Bionic Mamas

you're not losing a vagina, you're gaining a son

Uterine News And Weird Reports

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You might be a trifle done in, if your foremost thought at the prospect of upcoming surgery is relief at the idea of spending a few hours knocked out.

Returned to the Baby Factory this last week, for another look at my storied uterus. During the last dildo-camming, all appeared normal, but the spotting I’ve been having for up to a week before my period for the past several months made Dr. Baby Factory suspect a polyp, one he might not have been able to see at that point in my cycle, when my lining is pretty plush. Sure enough, at the low-nap of CD 8, there it was, big as life and smack in the middle of everything. Even I could have diagnosed something from that ultrasound, though I might have gone with “spontaneous mini-kidney.”

It’s not huge, as these things go, 7 by 8 millimeters or so. Dr. BF says lots of people get pregnant with polyps. But lots of people have miscarriages with polyps, too, and after watching a youtube video of one getting excised, I think understand why: the sucker didn’t bleed. If there’s one thing I know for sure about uterine tissue, it’s that it ought to be robustly vasculated, embryos not being entirely unlike vampires in their basic desires.

So. Out it comes, via hysteroscopy. That’s hyster- for “uterus” and -scopy for “you’d rather not be awake for this.” Dr. BF only operates on Thursdays, my busiest teaching day this semester. Luckily, he is willing to do this surgery any time I’m not bleeding (some people only do them early in the cycle), which means I ought to just squeak in during spring break, a few days before I expect my period. That gives the ol’ ute April to recover herself for a May FET cycle. Here’s hoping.

If you’ve read, um, anything I’ve ever written here, you know what comes next is the part about how freaked out and anxious I am about all this. And believe me, I’d be telling you aaaalllll about it, except that, well, I’m not. Isn’t that weird? I don’t know who I am anymore, either.

Partly, this is because it will be Dr. BF wielding the scalpel cervix telescope/floodlight/scissors thing. I’ve been peeved at him once or twice (twice) during our time together, but he’s never given me the slightest reason not to trust him. Granted, I am not deaf to flattery, and he did call my ovaries beautiful and remark that he loves my (medically rarer-than-rare) uterus. But it’s more that the initial impression I got when first reading his blog (what? You don’t choose your doctors via blog? Wish Dr. Russian had had one), that here was someone with a careful mind who also really cared about his patients, seems to have been accurate. I was a little surprised, during our Triumphal Return appointment, that he didn’t ask much after the Bean. It occurred to me later, however, that there is something really refreshing about talking to someone who seems mostly interested in me, not just the fruit of my wacky womb.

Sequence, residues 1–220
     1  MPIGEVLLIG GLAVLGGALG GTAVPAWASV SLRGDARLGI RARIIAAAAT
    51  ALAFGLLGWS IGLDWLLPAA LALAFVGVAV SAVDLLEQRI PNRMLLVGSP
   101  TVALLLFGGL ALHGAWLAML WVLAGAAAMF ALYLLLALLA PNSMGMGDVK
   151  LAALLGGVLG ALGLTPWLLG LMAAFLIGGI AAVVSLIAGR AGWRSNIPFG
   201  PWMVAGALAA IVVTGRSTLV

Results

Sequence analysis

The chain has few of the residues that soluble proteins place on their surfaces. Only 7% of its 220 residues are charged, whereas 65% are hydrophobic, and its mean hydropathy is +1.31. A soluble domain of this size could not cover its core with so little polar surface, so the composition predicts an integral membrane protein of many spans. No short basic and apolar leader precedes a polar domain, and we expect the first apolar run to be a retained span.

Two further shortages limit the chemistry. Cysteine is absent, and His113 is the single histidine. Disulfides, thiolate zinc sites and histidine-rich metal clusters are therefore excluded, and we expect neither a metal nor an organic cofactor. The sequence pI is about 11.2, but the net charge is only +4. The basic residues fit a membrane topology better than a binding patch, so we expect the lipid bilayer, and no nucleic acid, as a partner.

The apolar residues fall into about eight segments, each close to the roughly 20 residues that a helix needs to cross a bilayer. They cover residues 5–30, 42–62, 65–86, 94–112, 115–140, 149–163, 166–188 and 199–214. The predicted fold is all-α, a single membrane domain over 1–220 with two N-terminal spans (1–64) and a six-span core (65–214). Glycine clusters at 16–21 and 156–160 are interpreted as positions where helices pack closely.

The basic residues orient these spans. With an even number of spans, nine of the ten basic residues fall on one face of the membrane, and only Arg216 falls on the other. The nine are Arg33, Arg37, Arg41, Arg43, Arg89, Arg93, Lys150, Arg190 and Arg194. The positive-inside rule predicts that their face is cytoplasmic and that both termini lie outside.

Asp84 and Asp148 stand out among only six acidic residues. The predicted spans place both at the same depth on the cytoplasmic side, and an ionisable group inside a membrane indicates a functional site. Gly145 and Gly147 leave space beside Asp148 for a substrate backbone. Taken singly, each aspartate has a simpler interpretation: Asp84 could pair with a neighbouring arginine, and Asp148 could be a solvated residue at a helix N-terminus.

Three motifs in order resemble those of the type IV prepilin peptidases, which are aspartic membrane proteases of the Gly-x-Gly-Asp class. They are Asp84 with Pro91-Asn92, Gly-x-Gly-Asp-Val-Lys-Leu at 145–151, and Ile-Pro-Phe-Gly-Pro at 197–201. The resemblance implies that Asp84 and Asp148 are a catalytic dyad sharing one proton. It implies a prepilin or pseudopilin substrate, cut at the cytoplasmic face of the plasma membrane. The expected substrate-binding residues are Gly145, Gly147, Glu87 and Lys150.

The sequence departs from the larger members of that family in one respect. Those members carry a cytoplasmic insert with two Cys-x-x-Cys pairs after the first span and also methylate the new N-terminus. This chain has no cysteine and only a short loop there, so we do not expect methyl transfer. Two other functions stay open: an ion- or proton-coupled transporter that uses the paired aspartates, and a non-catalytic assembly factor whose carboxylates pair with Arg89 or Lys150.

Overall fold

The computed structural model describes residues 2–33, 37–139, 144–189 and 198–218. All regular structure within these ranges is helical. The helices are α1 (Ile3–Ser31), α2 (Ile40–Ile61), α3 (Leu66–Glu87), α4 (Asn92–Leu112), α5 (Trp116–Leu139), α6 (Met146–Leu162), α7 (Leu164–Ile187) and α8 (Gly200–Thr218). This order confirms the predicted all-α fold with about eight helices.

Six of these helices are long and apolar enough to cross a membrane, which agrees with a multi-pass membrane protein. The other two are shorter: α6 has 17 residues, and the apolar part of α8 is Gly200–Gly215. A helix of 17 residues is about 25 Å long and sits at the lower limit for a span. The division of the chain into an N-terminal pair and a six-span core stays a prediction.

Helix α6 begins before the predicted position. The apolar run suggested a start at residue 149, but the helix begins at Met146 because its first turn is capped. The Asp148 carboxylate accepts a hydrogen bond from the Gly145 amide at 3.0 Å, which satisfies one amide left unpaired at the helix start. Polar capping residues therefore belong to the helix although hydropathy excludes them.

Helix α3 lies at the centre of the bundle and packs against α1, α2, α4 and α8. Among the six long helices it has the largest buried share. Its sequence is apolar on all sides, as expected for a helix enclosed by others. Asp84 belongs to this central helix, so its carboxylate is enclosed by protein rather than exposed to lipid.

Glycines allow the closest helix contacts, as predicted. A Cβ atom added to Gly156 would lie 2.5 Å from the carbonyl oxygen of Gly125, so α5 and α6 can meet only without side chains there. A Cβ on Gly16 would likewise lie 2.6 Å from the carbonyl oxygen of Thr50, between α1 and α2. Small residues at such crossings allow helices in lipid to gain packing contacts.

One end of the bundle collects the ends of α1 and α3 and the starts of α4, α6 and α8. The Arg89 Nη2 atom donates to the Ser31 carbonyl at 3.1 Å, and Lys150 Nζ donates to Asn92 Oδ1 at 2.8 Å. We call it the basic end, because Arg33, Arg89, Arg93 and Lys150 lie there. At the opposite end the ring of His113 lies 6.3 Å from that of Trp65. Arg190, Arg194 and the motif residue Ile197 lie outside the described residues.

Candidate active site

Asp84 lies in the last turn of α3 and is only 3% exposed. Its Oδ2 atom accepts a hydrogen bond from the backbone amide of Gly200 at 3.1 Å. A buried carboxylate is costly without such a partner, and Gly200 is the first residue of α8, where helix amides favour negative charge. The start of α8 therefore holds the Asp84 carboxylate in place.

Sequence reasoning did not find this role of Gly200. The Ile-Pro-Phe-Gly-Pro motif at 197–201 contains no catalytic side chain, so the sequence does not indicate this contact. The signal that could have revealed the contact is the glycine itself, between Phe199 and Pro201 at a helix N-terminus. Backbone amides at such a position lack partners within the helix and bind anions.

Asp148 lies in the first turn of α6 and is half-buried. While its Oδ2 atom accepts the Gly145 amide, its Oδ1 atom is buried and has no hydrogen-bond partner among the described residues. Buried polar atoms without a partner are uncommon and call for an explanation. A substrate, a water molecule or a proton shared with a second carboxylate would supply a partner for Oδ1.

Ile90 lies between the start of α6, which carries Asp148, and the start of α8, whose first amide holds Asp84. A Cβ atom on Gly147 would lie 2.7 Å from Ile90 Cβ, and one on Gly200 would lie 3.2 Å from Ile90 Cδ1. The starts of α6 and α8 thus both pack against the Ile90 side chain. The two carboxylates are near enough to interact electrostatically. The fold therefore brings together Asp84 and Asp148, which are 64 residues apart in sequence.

My mother has a story along these lines, which I’m going to put in here because it is funny and my paragraphing is all to hell anyway. Ahem. Mama went to medical school with a woman who had an identical twin living in the same area. Her twin gave birth, attended by a doctor the med students knew. When she saw him next, the med student thanked him for delivering the baby. He looked blank. Incredulous, she asked, “don’t you ever look at their faces?”

I trust Dr. BF because of the post that led me to him, in which he discussed common mistakes in diagnosing mullerian anomalies, because knowing how to do something wrong is an important part of truly understanding how to do it right. I trust him because I know he cares about his patients, not just because he has been considerate of our feelings (mostly — still holding a grudge over that psych consult), but because his blog was the first (only) place I’ve heard a doctor express disdain for the term “chemical” pregnancy, on the grounds that it diminishes the experience of loss. (That I read this right after Dr. “I’m sure you don’t have a septum even though I’ve never examined you” seemed cozily baffled by my observation that “incompetent cervix” is an obnoxious term makes the memory stand out.) And I trust him because I watched his video of a hysteroscopic resection of a uterine septum, which I heartily recommend if that kind of thing doesn’t squick you out.